- Mood-altering psychiatric drugs are no different from mood-altering ‘street’ drugs, save for the fact that they are prescribed.
- There is no chemical imbalance causing mental illness – none has ever been found, and there is scientific evidence proving that any chemical imbalance for any of the mental disorders listed in the DSN actually exists.
- Psychiatric drugs normally ‘work’ in one of two ways: as a placebo affect (ie, the patients’ belief in the treatment leads to an improvement in their condition, regardless off the innate therapeutic ability of the substance they’re given); and, any relief or benefit deriving from the drug generally only occurs over the very short term.
- Long term outcomes are not measured in clinical drug trials, with the average drug trial being conducted for just 6 weeks.
- It takes time – often at least two years – for someone with a mental illness to fully and completely recover from it, but then they usually do make a full recovery - if they don’t use psychiatric drugs. If they do use psychotropic drugs, the initial benefit quickly fades. As time goes on, their initial symptoms frequently reappear with even more force than before they started the medication, and are also joined by a whole bunch of other mental and physical ‘side affects’ – some of which can even be fatal.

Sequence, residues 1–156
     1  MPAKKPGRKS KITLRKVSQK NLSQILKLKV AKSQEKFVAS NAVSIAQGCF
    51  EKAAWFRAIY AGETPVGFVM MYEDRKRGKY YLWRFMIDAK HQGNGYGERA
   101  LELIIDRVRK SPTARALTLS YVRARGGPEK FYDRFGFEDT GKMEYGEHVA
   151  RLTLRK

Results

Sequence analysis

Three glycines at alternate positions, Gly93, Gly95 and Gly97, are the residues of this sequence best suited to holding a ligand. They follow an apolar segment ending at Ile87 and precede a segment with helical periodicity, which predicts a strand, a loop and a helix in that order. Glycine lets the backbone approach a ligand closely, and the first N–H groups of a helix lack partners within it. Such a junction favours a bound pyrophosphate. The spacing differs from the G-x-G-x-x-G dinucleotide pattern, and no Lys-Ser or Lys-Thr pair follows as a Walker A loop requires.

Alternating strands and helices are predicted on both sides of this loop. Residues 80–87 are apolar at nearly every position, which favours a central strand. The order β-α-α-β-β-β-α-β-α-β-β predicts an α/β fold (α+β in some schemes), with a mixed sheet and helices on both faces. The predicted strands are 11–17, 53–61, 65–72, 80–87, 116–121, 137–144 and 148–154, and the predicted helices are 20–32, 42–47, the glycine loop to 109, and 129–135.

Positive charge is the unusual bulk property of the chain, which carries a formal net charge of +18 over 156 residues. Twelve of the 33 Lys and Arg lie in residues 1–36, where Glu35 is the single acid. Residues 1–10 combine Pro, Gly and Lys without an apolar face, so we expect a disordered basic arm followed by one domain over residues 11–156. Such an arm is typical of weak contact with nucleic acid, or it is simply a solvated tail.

- Regular long-term users of psychiatric medication will see their life-expectancy reduced by 15-20 years.
Let’s leave the word ‘knowingly’ to one side for a moment, while we again look at some facts. A little while ago, the Nutrition Institute of America published a fully-referenced report called ‘Death by Medicine’, which found the following (all the figures below only refer to the US):
- 2.2 million people a year had an adverse reaction to a drug they were prescribed while already in hospital
- 7.5 million people a year had an unnecessary medical or surgical procedure performed
- 8.9 million people were unnecessarily hospitalized
- In 2001, conventional medicine in the US caused an average of 783,936 deaths, compared to 699,697 people who died from heart disease, and 553,251 who died from cancer, over the same period.
There are some very hard questions psychiatrists need to be asked, and need to answer:
- If the information about chemical imbalances is bogus science, why aren’t they telling their patients that?
- If psychiatric drugs have been proven to be doing many of their patients much more harm than good over the long-term - and failing to ‘solve’ the underlying emotional problems – why are they continuing to prescribe them to millions of people?
- Why are psychiatrists telling their patients lies about ‘depression being like diabetes’ when that is patently untrue, and there is not a single shred of hard scientific evidence to back that up?
So that’s the problem, in a nutshell. God-willing, over the next series of posts I want to start setting out some alternative solutions and approaches to the mental and emotional health issues that are currently plaguing our society.